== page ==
County manager in campaign controversy

By Jack King: CNJ staff writer

Some county residents and some candidates in county elections claim Curry County Manager Geneva Cooper violated county personnel policies by endorsing District 2 commission candidate Pete Hulder in a newspaper advertisement.

The ad, which ran in Wednesday’s Clovis News Journal, lists a number of local residents, commissioners Kathrynn Tate and Albin Smith, Sen. Stuart Ingle, R-Portales, and “Geneva Cooper, County Manager” as supporting Hulder’s re-election. Hulder is the district’s incumbent.

Martha Matlock, who said she is the daughter of former Curry County Commissioner Albert Matlock, called Cooper’s action “just not fair.”

Carol Nichols, who is running against Hulder in the District 2 race, said she knew Cooper’s endorsement would be controversial as soon as she saw the ad Wednesday.

“The county manager should be held to the same standard as other county employees,” Nichols said.

County commissioners Tim Ashley and Ed Perales said they are looking into complaints about the ad they’ve received from residents.

Cooper said Wednesday that Hulder asked to use her name in the ad and that she had checked two times with county attorney Steve Doerr to make sure the action did not violate the county’s personnel policy. Doerr advised her it did not, she said.

“I believe I’m within my rights to endorse whoever I wish,” Cooper said. “I try to work with my commissioners and I have a good working relationship with them. I would never intentionally do anything wrong.”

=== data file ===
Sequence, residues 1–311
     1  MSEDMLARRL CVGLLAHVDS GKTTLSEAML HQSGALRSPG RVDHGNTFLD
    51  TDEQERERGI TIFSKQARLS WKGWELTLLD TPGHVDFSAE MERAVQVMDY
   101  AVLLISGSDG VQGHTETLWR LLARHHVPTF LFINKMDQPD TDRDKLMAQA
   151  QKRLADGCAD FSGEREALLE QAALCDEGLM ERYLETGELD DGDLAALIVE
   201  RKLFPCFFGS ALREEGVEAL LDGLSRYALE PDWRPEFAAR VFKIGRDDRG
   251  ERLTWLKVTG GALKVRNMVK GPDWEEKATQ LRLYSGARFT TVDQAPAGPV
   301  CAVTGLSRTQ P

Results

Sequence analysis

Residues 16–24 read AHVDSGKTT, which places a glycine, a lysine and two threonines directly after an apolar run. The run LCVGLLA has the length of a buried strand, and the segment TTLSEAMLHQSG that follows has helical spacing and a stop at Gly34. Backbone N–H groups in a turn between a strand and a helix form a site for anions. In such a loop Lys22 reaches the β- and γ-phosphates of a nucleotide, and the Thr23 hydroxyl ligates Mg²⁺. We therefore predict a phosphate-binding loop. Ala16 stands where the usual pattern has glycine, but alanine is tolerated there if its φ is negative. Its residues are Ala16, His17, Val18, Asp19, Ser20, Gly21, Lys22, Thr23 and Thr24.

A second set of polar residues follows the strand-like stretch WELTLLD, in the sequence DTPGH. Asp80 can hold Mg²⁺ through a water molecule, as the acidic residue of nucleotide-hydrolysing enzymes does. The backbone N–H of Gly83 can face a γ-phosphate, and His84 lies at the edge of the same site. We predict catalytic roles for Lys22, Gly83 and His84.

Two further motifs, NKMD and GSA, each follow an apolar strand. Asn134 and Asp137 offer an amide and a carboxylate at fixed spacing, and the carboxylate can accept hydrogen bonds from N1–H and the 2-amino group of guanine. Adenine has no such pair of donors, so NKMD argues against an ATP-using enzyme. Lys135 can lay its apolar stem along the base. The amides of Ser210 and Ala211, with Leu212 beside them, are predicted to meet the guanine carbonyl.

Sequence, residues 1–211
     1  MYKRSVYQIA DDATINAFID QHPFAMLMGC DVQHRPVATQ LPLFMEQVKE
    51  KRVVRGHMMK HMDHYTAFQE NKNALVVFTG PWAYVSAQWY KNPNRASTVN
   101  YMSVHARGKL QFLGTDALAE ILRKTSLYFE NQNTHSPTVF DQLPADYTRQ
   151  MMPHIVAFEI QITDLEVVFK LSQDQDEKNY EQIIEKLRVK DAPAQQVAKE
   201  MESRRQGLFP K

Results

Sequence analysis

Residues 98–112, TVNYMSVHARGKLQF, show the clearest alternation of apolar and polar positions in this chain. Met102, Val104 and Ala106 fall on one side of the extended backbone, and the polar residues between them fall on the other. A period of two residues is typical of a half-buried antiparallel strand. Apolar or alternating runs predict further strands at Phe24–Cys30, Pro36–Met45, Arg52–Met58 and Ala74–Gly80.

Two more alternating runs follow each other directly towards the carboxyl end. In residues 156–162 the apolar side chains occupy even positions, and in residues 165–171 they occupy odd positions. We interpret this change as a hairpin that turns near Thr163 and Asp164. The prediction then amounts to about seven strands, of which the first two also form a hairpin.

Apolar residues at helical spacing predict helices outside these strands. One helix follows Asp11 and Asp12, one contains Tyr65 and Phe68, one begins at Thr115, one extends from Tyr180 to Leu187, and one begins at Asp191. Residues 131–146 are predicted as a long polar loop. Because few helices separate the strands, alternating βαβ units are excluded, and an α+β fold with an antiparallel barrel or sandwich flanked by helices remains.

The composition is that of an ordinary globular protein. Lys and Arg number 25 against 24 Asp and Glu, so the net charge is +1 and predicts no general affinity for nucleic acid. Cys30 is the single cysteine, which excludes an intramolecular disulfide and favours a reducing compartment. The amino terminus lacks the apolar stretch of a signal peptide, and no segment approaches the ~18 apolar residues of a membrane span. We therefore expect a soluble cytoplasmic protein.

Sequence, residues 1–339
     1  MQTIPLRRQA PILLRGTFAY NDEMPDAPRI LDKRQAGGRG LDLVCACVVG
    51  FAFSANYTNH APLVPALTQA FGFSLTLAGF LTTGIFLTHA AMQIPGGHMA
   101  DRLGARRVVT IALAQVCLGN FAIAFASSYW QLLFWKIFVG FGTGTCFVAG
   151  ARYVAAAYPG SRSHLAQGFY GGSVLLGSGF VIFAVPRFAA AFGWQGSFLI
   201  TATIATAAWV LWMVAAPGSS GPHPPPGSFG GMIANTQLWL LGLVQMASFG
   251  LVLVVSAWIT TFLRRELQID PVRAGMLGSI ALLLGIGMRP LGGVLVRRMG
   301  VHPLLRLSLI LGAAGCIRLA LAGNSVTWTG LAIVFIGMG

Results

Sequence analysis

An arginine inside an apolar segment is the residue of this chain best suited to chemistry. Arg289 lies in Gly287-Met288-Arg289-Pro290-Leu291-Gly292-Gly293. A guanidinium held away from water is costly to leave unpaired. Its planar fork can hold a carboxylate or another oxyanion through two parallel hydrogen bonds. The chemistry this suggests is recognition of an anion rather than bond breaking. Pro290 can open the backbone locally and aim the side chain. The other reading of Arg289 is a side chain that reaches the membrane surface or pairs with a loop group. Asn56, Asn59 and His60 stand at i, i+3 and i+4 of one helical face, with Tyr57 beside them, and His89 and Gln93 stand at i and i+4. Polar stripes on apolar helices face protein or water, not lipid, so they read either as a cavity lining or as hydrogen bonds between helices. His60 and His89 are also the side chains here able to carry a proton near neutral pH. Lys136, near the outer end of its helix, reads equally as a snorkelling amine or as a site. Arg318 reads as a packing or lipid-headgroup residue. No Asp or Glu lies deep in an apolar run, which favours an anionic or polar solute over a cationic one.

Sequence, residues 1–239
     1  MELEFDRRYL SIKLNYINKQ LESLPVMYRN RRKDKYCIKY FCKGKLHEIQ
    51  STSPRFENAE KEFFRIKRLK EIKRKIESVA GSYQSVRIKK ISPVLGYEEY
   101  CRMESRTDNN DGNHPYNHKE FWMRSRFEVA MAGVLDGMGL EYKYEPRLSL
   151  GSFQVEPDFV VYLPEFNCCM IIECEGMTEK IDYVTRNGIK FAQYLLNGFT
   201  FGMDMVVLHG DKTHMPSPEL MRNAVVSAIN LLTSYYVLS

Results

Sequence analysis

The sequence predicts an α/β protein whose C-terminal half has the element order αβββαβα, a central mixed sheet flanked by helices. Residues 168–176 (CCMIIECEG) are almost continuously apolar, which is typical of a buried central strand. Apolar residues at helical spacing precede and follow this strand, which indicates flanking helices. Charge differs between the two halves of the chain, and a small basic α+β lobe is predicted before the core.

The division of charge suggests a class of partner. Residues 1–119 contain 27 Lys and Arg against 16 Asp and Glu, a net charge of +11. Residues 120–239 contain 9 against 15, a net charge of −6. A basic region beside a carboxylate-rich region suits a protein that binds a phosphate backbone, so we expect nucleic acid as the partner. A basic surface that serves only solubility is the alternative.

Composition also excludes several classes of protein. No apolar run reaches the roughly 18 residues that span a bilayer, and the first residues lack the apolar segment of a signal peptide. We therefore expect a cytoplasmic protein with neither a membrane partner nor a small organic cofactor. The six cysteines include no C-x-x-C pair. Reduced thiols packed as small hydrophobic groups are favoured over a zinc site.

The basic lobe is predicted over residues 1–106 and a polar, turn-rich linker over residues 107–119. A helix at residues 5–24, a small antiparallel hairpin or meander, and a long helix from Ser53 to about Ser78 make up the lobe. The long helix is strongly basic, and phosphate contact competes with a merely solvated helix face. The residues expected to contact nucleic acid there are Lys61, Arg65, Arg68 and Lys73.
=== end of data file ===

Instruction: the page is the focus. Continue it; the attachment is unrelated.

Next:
Doerr said Cooper called him twice Tuesday, asking if endorsing Hulder would violate the county’s personnel policy.

“I told her not by state laws and not by the personnel policy. The second time she called, I said I would study it and get back to her later if I found there was a prohibition,” he said, adding he had not called Cooper back.

Doerr said Perales called him on Wednesday, asking if Cooper had violated the personnel policy and he had told the commissioner she had not.

Doerr said the personnel policy has three parts. The first prohibits employees from using their “authority or influence” to interfere with a nomination for office.

“This is not a nomination. Nominating is completely different, such as putting someone on the county personnel board or the retirement benefits board,” he said.

The second part prohibits an employee from directly or indirectly coercing, attempting to coerce, commanding or advising another employee to pay, lend or contribute anything of value for political purposes.

The third prohibits an employee from campaigning on county property or time.

“I don’t think she has attempted to coerce anyone and, if this has been done at her home, I don’t think it violates the third part,” he said.

Hulder said Wednesday the furor over the endorsement has taken him by surprise, because he is not familiar with the county’s personnel policies.

“It all started when I heard that Roger (Hatcher, the county sheriff) was going to endorse Carol Nichols. I started putting together a list of people to endorse me. I called her over the weekend and she said, “Yeah. I can do that.”

“She seemed a little hesitant, so I called her again Tuesday morning, before I took the ad to the News Journal at about 8 a.m. or 8:30 a.m.,” he said.